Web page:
segunda-feira, julho 11, 2016

At the Existentialist Café, by Sarah Bakewell

I read somewhere a review of this book, which made me interested, especially considering that I was fascinated by the existentialists in several times of my life. I didn't even notice that the author was the same of the excellent How to Live about Montaigne, which would have been an even stronger recommendation. And I was very glad I ordered it.

I first read La Nausée very young, I don't think I understood much, but the book left me a very lasting impression, I could never forget the sense of nausea, of a kind of detached feeling of disgust for the meaninglessness of things, of being; it wasn't an elaborate idea but it was an enduring feeling. Later, I read Mémoires d'une Jeune Fille Rangée, and I was bouleversé, Simone de Beauvoir spoke to my late adolescent self in such a meaningful way, it helped to bring sense to my growing pains and from then on I was hooked. Then L'Âge de Raison literally changed my life in a very personal way, with its concepts of freedom and commitment. From then on, I devoured many of Sartre's and Beauvoir's books, liking especially Les Chemins de la Liberté trilogy, her memoirs and Les Mandarins. And I yearned to live a life like that, talking, smoking and drinking at cafés with interesting people, living a truthful and uninhibited life.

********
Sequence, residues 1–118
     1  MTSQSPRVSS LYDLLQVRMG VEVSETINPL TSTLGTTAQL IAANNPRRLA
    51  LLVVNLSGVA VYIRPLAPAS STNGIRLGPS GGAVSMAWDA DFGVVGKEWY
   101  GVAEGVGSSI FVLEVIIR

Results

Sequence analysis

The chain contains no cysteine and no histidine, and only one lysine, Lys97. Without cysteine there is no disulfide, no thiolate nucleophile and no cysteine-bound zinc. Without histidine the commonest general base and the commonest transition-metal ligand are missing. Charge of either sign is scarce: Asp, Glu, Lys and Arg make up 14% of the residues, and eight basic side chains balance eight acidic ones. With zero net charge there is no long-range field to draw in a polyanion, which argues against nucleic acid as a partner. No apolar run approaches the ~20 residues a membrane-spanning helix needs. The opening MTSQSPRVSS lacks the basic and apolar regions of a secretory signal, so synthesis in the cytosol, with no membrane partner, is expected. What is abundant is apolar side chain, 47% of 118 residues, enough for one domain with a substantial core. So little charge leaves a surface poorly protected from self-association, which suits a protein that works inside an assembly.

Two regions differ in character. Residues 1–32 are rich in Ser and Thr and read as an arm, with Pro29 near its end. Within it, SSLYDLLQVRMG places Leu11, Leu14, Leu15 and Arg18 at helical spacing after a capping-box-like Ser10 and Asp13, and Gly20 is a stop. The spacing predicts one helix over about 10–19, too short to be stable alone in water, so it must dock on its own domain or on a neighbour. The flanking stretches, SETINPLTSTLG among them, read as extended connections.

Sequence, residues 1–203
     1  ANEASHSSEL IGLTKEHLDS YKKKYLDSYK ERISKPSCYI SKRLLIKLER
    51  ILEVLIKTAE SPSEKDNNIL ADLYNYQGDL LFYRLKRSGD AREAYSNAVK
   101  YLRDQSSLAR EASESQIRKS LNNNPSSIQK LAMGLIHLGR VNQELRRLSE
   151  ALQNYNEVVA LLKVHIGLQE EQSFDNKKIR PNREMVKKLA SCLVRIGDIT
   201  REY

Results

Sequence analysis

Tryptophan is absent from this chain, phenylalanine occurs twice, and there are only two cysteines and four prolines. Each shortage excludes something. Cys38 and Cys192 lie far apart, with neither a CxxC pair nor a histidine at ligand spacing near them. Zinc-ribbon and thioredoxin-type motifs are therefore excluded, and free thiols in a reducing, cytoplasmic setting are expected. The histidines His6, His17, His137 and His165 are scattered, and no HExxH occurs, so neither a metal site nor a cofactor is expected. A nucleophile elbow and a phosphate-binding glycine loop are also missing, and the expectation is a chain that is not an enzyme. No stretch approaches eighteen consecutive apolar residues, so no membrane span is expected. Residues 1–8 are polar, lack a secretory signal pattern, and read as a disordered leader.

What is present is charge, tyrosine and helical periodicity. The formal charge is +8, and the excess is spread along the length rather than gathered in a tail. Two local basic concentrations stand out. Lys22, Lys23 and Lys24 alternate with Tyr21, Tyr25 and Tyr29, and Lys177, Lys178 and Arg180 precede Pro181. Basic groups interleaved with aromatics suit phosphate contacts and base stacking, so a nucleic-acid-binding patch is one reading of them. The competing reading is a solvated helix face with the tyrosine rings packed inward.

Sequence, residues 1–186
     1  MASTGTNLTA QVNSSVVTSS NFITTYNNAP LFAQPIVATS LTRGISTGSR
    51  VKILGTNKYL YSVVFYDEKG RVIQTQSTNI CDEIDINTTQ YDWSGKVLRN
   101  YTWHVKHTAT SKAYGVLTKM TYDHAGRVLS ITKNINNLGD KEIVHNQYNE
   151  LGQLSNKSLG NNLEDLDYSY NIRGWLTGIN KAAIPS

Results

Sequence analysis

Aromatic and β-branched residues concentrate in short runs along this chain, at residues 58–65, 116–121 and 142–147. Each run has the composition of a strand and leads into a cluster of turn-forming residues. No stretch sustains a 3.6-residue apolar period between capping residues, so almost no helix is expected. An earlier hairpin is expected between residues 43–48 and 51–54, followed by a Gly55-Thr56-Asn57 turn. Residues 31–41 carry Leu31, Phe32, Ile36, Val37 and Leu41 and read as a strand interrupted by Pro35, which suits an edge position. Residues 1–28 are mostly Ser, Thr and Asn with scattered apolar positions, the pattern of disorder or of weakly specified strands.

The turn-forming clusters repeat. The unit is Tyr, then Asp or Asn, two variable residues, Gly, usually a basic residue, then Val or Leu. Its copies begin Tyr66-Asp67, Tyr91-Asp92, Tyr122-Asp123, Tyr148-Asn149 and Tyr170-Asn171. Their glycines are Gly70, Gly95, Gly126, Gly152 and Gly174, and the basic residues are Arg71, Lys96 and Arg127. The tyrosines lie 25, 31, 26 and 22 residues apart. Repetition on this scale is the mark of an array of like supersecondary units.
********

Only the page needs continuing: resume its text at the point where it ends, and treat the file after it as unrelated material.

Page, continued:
I'm older now, and less romantic, namely about the smoking and drinking part of the café life, but I'm still an adept of the existentialist philosophy, that revived in a way the stoic and epicurean thinking, since it concerns life - how to live, how to feel meaningful and alive, how we are what we choose to be, and in that way we question ourselves, the eternal questions "what am I doing here?", the name I gave this blog. It's a philosophy of man and life. It's not by chance that Sarah Bakewell also wrote about Montaigne, that indefatigable questioner of life and how to live, and her book is extremely informative and insightful. She manages quite successfully to explain the origins of the existentialist thinking, and gives a very clear picture of Husserl's and Heidegger's ideas - at least for me, since I've never felt like reading them. Her affectionate and lucid portraits of Sartre, Camus, Simone de Beauvoir, Merleau-Ponty and others are engaging and interesting. I mostly agree with her about Sartre - a fascinating man that was so many times enormously wrong in his political choices - and Beauvoir - whose memoirs I also consider one of the most fascinating and insightful depictions of her times. The character of Merleau-Ponty was a surprise for me, I had only known him from Beauvoir's memoirs, and he comes out from this book as a real philosophical hero.

And yes, I also think people are so much more interesting than abstract ideas, and that the true philosophy is the on that makes us question how to live.

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